Where “Iron Man” ended in 2008 is where “Iron Man 2” begins. The opening credits belong to Mickey Rourke (terrifying in his “Russian villain suit”) as Ivan Vanko, an ex-con physicist who watches Tony Stark strut like a peacock at the expo. Grief over his father’s death turns to rage as Ivan watches Tony don the suit Ivan believes his father helped create. But Ivan isn’t the only foe Iron Man faces. On his case are the head of a congressional committee (Gary Shandling, funny as ever), who’s pressuring Tony — and confidante Lt. Col. Rhodes 2.0 (Don Cheadle) — to relinquish his Iron Man suit to the government, and Justin Hammer (Sam Rockwell), keen to design a suit to “make Iron Man look like an antique.” There’s a new assistant, Natalie (Scarlett Johansson), too mysterious to be legit. And there’s something else: The electromagnet in Tony’s chest is poisoning his blood. He tells no one, not even colleague-or-lover? Pepper Potts (Gwyneth Paltrow), convinced he has to keep up what Rhodey calls his “lone gunslinger act.” It may be this act, not his blood toxicity, that really gets him.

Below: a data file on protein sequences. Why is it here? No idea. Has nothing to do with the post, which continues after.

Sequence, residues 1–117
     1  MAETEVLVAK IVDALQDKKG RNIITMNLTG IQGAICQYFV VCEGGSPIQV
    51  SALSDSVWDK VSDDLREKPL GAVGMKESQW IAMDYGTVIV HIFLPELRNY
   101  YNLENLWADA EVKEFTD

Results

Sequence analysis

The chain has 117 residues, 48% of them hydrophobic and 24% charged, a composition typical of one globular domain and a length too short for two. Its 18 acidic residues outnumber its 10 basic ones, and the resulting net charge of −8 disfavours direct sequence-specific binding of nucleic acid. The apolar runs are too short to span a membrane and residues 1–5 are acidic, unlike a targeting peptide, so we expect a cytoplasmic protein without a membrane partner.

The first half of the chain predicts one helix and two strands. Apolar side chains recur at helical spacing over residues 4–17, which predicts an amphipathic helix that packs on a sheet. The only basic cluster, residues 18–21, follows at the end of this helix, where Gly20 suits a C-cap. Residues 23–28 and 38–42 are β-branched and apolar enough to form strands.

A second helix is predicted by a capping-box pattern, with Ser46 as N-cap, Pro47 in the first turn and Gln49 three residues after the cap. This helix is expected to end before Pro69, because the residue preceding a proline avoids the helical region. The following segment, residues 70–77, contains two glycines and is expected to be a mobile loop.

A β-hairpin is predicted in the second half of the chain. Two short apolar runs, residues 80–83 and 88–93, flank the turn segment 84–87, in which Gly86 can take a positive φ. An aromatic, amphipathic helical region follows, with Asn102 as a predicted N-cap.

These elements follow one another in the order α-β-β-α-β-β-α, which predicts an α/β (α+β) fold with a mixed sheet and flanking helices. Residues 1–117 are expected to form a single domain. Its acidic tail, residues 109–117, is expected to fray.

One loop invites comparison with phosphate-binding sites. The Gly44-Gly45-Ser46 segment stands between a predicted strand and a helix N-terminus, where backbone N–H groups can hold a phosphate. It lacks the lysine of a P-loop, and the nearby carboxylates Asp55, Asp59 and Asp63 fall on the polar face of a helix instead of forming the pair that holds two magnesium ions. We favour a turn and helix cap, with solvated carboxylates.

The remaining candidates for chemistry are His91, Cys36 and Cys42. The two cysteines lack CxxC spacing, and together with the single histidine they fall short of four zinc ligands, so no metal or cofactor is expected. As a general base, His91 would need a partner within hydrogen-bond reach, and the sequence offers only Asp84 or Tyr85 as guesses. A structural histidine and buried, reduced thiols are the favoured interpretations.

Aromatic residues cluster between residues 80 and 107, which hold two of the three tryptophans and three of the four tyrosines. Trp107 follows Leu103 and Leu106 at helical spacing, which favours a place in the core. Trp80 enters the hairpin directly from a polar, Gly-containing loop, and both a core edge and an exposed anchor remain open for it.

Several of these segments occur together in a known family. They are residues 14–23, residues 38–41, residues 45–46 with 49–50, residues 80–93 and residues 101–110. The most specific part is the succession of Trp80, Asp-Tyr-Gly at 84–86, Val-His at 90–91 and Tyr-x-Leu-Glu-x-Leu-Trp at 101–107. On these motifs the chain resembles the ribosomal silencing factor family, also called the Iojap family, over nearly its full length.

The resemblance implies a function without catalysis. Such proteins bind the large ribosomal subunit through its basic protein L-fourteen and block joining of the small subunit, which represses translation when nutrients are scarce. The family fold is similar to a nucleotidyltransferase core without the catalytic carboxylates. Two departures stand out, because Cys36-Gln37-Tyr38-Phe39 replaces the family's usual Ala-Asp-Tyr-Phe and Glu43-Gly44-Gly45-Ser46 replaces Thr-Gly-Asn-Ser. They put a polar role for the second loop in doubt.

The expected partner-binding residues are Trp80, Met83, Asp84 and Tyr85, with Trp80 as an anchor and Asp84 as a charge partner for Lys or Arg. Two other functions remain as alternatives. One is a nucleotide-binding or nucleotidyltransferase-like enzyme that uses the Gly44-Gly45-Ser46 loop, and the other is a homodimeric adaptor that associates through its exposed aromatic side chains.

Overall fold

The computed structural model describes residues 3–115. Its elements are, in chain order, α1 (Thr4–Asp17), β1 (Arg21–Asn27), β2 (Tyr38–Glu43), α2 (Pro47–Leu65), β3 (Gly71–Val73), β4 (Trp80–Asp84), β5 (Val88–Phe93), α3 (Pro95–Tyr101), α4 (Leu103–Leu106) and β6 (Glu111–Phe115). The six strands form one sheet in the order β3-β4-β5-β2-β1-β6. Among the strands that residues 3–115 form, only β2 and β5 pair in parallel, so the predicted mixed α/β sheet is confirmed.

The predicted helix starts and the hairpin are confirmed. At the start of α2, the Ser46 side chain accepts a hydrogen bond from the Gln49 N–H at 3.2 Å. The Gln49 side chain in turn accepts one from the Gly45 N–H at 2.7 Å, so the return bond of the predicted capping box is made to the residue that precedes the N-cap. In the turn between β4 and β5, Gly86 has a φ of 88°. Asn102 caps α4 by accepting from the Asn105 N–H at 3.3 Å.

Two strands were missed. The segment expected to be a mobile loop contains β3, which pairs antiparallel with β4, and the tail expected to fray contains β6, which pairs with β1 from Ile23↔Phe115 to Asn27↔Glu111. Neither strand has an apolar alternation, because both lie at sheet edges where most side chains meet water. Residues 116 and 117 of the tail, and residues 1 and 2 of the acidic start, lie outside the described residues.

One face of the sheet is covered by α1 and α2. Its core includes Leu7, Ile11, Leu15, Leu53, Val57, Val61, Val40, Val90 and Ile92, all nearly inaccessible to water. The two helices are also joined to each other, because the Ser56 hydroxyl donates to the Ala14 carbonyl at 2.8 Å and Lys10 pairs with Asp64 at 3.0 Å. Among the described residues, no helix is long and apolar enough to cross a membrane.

Speaking of “getting,” let’s declare Mickey Rourke’s comeback a flaming success. True, in “Iron Man 2” Ivan sometimes comes across as a caricature. The Russian accent (it makes Cate Blanchett’s “Kingdom of the Crystal Skull” brogue seem tame), the 44-karat smile, the hair — it all hollers supervillain in Big Capital Letters, the opposite of what Jeff Bridges did with Obadiah Stane. Still, that was another movie, and Rourke puts his own menacing stamp on Ivan (that sinister chuckle was made for supervillainy). His showdown with Iron Man at the Grand Prix in Monaco is thrilling, a superb combination of great CGI and great acting. Another reason this scene resonates is because the parts are tailored for the actors; both have lived the histories, to some extent, that their characters have: beaten down by circumstance or bad choices, then resurrected through sheer force of will. Rourke and Downey bring a raw, bruised humanity to their parts few other actors could. Who better to rise from the ashes than these two?